“Only two counties flipped back to Biden after Trump in 2016, Sauk and Door,” Marquette Law School Polling Chief Charles Franklin said. “Turnout in Milwaukee in the midterms often drops a lot from presidential years so Democrats are especially anxious to maximize turnout there, hence Obama’s visit.”

Wisconsin Democratic Party Chair Ben Wikler told the crowd at the Milwaukee high school Saturday evening to remember that four of the last six presidential elections came down to less than a percentage point.

“The other two were Obama landslides,” Wikler said to an exuberant crowd. “These elections are tied. The governor’s race is tied. The attorney general’s race is tied. The Senate race is tied. Which means that you can tip the balance.”

Barnes said watching Obama as a then-state senator from neighboring Illinois give a rousing speech at the Democratic National Convention in 2004 changed his life.

“Seeing Barack Obama on that stage, it inspired me and it made me realize that maybe if I worked hard enough that I can have the power to make a difference,” Barnes said.

In remarks on Saturday, Wisconsin Attorney General Josh Kaul, a Democrat, said even though Obama isn’t on the ballot on November 8, issues and policies he fought for, like healthcare, factor into the election questions voters in Wisconsin ultimately will answer.

“If Wisconsinites vote in this election,” Kaul said, “we win.”

Research contact: @NBCNews

Amazon schedules a second Prime Day sale for October 11-12

September 27, 2022

Amazon is hosting another Prime Day-like deal bonanza next month—marking the first time it will hold two such events in the same year, reports NBC News.

The company announced on Monday, September 26, that the event, which it’s calling the Prime Early Access Sale, will take place October 11-12. The event is only open to members of Amazon’s Prime subscription program and will feature “hundreds of thousands” of holiday deals, said Jamil Ghani, vice president of Prime, in an interview.

CNBC previously reported that Amazon began contacting sellers about the event in June.

Prime Day, which started in 2015, is typically held once a year during the summer. But Amazon tweaked the timing of the event in 2020 and 2021, as the COVID-19 pandemic strained its operations. The company also has experimented with other discount events, such as an apparel sale, a pet-focused event and a fall beauty event.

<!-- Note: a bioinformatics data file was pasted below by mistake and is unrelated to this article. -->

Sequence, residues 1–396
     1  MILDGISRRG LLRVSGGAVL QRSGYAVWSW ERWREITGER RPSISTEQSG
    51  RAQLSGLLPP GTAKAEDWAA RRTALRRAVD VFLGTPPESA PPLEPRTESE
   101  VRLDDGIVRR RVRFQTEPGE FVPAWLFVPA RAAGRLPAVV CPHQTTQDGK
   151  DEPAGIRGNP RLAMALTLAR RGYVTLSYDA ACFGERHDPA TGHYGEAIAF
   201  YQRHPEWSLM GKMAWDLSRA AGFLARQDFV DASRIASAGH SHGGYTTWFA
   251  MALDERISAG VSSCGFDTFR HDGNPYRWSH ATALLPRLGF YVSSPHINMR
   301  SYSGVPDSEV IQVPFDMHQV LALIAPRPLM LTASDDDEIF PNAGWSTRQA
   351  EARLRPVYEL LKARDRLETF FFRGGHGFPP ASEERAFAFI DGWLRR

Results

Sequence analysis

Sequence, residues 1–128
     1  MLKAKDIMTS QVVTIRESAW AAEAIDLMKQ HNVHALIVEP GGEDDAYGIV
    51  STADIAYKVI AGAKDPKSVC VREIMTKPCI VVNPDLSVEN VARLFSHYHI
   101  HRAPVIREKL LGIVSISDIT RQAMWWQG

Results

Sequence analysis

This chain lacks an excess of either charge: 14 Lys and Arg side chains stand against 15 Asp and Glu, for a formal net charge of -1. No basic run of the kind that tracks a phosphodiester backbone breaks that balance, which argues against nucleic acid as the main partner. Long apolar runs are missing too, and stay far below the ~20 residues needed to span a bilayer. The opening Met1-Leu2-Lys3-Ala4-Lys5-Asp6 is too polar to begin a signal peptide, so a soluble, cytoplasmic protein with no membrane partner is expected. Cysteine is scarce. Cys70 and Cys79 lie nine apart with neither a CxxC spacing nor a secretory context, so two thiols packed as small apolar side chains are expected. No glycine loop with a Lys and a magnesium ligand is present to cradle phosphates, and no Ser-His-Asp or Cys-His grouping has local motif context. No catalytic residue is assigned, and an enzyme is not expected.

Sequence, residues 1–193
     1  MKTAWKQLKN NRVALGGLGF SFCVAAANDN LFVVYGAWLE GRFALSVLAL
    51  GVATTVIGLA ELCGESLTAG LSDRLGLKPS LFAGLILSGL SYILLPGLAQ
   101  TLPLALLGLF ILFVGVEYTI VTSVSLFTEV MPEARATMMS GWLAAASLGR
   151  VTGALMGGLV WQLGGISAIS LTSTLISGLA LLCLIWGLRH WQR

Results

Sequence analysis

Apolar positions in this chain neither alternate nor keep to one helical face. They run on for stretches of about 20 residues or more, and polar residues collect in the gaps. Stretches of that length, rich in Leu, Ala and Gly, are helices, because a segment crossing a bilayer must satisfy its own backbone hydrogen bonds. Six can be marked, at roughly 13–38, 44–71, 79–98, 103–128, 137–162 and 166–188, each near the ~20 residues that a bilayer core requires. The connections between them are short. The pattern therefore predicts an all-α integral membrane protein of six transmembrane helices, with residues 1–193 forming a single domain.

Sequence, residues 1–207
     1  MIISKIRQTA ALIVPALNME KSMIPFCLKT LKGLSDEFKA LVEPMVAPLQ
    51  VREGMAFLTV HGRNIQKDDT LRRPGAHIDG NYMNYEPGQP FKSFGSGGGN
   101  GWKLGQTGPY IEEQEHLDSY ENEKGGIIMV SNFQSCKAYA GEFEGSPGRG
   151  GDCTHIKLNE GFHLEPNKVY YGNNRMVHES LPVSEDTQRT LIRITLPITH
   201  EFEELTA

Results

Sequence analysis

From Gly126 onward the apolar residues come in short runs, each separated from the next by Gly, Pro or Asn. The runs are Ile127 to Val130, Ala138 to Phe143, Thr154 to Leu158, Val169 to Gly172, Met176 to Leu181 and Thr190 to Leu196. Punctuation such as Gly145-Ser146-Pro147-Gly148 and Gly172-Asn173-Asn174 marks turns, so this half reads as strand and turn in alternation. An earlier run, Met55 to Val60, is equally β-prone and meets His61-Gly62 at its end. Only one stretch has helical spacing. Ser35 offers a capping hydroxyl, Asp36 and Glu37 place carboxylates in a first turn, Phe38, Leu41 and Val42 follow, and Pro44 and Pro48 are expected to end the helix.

Ghani declined to say whether Amazon plans to host more than one sales event for Prime members moving forward. By setting a deal event for October, Amazon is playing into a trend that’s gained momentum in recent years. Major retailers have started announcing promotions well ahead of Black Friday and Cyber Monday, in large part because more sales are moving online.

The new sales event could help jumpstart holiday shopping for Amazon as the company stares down slowing e-commerce sales and a host of economic challenges—including a potential recession, soaring inflation, rising interest rates and the excess expansion it undertook during the pandemic.

Holiday sales are expected to grow from last year, but much of the increase will likely be driven by higher prices, according to a Bain & Co. forecast. Shoppers will likely be on the hunt for discounts more than usual as their wallets feel the strain.

“These days, it’s not lost on you or me that folks are trying to make their dollar stretch,” Ghani said.

Research contact: @NBCNews

Want to buy canned whipped cream in New York State? Don’t forget your ID!

September 1, 2022

A little-known New York State law has prompted stores to start carding customers and ban the sales of canned whipped cream to those under 21, reports NBC News.

The age limit was enacted nine months ago to curb teens’ possible abuse of nitrous oxide, commonly known as laughing gas. The nitrous oxide found in whipped cream canisters, when it is abused as a narcotic, is commonly referred to as “whippits” or “whip-its.”

Meghan Massey, 43, couldn’t understand why she was being carded this month at her Hannaford Supermarket in Watertown.

“I thought: ‘What is going on?’ I was looking in my cart. What am I being ID’d for? I was so confused,” a laughing Massey said Monday. “I was mortified. Why am I being ID’d? What is going on right now? I’m 43 with gray hair.”